This video introduces the concept of feedback loops, or irreversible chain reactions, and the role they play in the planet's warming.
Students will learn why stopping fossil fuel emissions will not be enough to stop climate change and why the planet's natural feedback loops must be restored.
This video provides an informative introduction to feedback loops that is easy to understand for many ages.
The video uses metaphors and visuals to support understanding.
Students will learn that there is still time to take action against climate change; however, if humans take no action the Earth will reach a tipping point after which it will be nearly impossible to reverse the damage to Earth's systems.
Feedback loops are a more advanced topic in climate science, so students should already have an understanding of climate change and its main causes and effects.
The concept of chain reactions, feedback loops, and tipping points can be abstract and difficult for students to grasp. Consider discussing these terms before viewing the video and providing some simple examples to aid understanding.
After watching, teachers could ask students the following questions:
What would happen if everyone in the world stopped using fossil fuels tomorrow?
Would global warming stop right away if fossil fuels disappeared? Why or why not?
Although this video ends on a hopeful note, it has a relatively urgent tone that can be upsetting for students. Teachers should plan to provide support and options for students to take action for the climate so they do not feel powerless.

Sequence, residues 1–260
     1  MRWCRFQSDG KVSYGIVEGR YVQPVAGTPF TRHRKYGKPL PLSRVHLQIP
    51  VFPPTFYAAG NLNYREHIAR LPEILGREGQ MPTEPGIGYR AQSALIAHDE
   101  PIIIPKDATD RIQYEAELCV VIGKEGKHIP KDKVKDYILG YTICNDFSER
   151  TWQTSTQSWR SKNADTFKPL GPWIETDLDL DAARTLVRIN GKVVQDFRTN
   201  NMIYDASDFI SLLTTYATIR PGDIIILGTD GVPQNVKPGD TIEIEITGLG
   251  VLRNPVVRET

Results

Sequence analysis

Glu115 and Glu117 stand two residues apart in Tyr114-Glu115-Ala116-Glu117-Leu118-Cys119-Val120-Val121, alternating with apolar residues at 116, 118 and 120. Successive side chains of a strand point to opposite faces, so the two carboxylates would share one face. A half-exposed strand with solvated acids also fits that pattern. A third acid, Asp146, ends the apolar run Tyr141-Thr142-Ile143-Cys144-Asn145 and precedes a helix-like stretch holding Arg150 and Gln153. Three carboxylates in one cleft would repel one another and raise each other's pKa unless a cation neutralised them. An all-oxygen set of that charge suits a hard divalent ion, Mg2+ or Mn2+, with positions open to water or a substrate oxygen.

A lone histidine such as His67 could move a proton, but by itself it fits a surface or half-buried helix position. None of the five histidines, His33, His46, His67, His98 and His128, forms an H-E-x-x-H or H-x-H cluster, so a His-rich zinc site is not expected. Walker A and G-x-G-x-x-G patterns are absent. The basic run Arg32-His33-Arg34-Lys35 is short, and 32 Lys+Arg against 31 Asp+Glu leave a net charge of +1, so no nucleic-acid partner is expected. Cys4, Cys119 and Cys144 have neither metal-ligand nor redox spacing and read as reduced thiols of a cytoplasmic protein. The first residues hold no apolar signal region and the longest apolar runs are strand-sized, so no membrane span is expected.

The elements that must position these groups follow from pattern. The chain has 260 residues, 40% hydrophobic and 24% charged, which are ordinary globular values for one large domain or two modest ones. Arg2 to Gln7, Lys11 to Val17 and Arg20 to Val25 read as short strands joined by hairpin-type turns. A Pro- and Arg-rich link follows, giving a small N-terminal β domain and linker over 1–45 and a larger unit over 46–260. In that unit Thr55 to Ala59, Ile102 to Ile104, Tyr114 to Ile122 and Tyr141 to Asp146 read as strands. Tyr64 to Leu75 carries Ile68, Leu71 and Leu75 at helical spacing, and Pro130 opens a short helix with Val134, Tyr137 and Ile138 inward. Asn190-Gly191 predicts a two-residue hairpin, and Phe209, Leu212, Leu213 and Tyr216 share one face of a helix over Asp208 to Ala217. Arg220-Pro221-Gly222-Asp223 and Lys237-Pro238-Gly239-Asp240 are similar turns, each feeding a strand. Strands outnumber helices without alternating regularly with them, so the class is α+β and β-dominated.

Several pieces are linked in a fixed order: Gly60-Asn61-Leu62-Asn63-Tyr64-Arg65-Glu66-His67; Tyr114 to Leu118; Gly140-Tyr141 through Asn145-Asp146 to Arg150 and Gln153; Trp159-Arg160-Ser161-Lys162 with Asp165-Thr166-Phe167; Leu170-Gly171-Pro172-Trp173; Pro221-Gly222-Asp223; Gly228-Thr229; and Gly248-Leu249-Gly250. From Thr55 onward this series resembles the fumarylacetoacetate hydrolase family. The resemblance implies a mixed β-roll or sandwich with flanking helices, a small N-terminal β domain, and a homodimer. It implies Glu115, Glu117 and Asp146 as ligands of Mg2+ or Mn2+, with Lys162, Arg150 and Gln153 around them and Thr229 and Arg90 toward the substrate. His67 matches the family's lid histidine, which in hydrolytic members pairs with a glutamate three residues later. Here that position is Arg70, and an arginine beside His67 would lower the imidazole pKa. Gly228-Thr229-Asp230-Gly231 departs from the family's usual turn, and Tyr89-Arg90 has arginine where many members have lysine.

After watching this introduction, dive deeper into this topic by watching this video about feedback loops and sea ice or this lab about feedback loops and albedo.
There is increased warming as a result of human activities, and we are approaching a point of no return. The resource underscores the need to take urgent climate action to mitigate CO2 levels. This is ideal for classroom use.
ESS2: Earth's Systems
7.ESS2.2 Construct an explanation based on evidence for how geoscience processes have changed Earth’s surface at varying time and spatial scales.
HS.ESS2.2 Analyze geoscience data to make the claim that one change to Earth’s surface can create feedbacks that cause changes to other Earth systems.
ESS3: Earth and Human Activity
8.ESS3.4 Construct an argument supported by evidence for how increases in human population and per-capita consumption of natural resources impact Earth’s systems.
HS.ESS3.6 Use a computational representation to illustrate the relationships among Earth systems and how those relationships are being modified due to human activity (i.e., climate change).